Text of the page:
malicious prosecution

(redirected from Elements of Proof)
Also found in: Dictionary, Legal.

malicious prosecution

[məlish′əs]
Etymology: L, malitia, wickedness, prosequi, to pursue
(in law) a suit begun in malice and pursued without sufficient cause. It is usually an action for damages. Malicious prosecution is a wrongful civil proceeding, and a person who takes an active part in initiating or continuing it is subject to liability.

malicious

an act done to inflict an injury, not to redress a wrong.

malicious poisoning
laying a bait to poison an animal without the owner's consent.
malicious prosecution
instigating a lawsuit for the purpose of punishing the other person without having a proper justification for the litigation.
Mentioned in ?
References in periodicals archive ?
required elements of proof of the modified total cost recovery.
The board held that "Propellex failed to establish two of the four,required elements of proof of a modified total cost recovery.
For instance, if they want to file a federal mail fraud case, the CPA must gather evidence to meet the necessary elements of proof under that statute.
Our new framework below encompasses the elements of proof in a format which mirrors the sequence and logic of an advertising challenge.
Lawyers Cooperative Publishing's team of lawyer-editors and practicing attorneys created the AWD LawDesk to enhance the user's understanding of the laws with a comprehensive treatise, litigation tested forms, and trial strategy articles that provide elements of proof and damages, interrogatories, and sample testimony.
What are the elements of proof in abuse of sick leave?
Attorneys for both plaintiffs and defendants will find comprehensive coverage of such matters as: the advantages and disadvantages of suits based on strict liability, negligence and breach of warranty; the use of state consumer protection statutes; the duty to warn and its innumerable ramifications; the liability of the manufacturers, retailers and other potential defendants in the distribution chain; successor liability; federal preemption of common law claims; monitoring product safety during design, manufacturing and distribution; causation theories in actions involving multiple manufacturers; product misuse and alteration; the elements of proof needed in an action; recovery for economic loss; punitive damages; and the government contractor defense.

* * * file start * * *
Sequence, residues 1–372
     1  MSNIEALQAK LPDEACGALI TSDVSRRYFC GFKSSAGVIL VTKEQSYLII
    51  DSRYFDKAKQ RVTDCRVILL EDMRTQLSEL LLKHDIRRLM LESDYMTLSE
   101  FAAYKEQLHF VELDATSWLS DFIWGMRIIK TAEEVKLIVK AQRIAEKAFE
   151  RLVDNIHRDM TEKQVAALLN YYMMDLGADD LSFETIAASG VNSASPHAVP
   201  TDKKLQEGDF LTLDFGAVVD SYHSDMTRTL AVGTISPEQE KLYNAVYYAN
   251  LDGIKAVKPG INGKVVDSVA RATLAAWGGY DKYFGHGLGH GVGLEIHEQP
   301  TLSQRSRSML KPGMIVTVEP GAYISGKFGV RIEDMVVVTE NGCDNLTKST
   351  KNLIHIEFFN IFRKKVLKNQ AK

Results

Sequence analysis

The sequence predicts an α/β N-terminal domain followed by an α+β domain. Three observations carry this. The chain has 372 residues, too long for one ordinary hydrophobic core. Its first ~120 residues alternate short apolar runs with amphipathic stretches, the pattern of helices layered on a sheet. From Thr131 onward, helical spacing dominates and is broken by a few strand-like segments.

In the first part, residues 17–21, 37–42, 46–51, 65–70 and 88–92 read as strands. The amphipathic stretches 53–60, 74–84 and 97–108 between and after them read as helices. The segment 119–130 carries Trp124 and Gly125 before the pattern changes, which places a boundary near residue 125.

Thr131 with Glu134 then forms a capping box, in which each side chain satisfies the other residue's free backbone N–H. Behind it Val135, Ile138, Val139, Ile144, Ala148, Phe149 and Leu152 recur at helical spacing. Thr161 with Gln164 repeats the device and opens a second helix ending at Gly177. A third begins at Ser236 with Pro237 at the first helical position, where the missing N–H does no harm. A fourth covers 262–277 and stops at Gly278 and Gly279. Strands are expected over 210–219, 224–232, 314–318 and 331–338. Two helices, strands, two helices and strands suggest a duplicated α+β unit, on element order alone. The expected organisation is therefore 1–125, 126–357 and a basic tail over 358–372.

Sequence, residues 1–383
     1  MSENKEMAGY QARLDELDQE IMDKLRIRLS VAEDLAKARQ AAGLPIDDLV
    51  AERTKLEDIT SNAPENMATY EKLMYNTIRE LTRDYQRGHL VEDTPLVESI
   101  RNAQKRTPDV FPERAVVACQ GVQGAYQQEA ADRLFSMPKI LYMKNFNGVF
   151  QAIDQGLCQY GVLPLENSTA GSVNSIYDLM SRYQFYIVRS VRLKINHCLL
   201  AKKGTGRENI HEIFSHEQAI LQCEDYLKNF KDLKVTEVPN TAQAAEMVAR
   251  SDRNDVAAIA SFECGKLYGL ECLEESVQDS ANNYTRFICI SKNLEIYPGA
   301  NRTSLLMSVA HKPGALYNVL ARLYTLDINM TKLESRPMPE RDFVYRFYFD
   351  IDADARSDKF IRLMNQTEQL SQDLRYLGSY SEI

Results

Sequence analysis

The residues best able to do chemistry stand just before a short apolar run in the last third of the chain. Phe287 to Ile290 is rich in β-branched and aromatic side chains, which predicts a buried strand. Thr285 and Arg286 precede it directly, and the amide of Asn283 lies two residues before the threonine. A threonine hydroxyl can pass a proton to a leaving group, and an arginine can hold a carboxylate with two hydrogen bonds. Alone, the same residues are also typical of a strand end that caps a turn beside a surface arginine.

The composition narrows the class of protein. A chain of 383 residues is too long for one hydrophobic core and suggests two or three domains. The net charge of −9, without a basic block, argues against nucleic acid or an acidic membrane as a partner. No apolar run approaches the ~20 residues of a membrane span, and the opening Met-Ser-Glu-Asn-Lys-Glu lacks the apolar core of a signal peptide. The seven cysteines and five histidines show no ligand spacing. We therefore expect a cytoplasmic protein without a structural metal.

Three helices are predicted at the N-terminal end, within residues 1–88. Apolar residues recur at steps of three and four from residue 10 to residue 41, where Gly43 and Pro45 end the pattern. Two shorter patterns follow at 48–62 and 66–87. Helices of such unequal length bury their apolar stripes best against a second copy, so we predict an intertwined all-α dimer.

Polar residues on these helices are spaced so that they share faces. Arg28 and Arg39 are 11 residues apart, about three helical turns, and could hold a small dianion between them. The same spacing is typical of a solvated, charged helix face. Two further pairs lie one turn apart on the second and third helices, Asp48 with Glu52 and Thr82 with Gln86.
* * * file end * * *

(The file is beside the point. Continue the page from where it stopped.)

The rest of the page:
Of course, the study will also provide the elements of proof concerning the broader economic effects of the CCCTB, in terms of competitiveness in the EU and growth.
Topics covered include causes of action, damages, elements of proof, practice and procedure, defenses, and counterclaims.
Editorial includes: historical sources and applications of damages theories and equitable remedies, and the elements of proof by which they can be established or defeated; information on the array of damages to which participants in the construction process, including owners, designers and builders, are exposed; and, techniques for presenting damages in a dispute.